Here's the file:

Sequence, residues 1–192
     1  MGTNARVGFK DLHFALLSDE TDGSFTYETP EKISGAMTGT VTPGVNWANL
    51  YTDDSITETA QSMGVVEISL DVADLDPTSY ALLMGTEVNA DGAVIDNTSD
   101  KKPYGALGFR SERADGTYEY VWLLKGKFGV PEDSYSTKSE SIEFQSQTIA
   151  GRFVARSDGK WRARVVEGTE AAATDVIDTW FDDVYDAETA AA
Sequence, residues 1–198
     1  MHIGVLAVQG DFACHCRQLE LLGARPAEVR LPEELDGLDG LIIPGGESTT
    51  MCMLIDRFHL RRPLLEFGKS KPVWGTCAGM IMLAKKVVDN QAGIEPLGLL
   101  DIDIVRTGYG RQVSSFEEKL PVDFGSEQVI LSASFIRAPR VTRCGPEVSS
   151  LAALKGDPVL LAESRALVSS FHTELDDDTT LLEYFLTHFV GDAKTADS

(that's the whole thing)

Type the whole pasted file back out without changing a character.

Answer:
Sequence, residues 1–192
     1  MGTNARVGFK DLHFALLSDE TDGSFTYETP EKISGAMTGT VTPGVNWANL
    51  YTDDSITETA QSMGVVEISL DVADLDPTSY ALLMGTEVNA DGAVIDNTSD
   101  KKPYGALGFR SERADGTYEY VWLLKGKFGV PEDSYSTKSE SIEFQSQTIA
   151  GRFVARSDGK WRARVVEGTE AAATDVIDTW FDDVYDAETA AA
Sequence, residues 1–198
     1  MHIGVLAVQG DFACHCRQLE LLGARPAEVR LPEELDGLDG LIIPGGESTT
    51  MCMLIDRFHL RRPLLEFGKS KPVWGTCAGM IMLAKKVVDN QAGIEPLGLL
   101  DIDIVRTGYG RQVSSFEEKL PVDFGSEQVI LSASFIRAPR VTRCGPEVSS
   151  LAALKGDPVL LAESRALVSS FHTELDDDTT LLEYFLTHFV GDAKTADS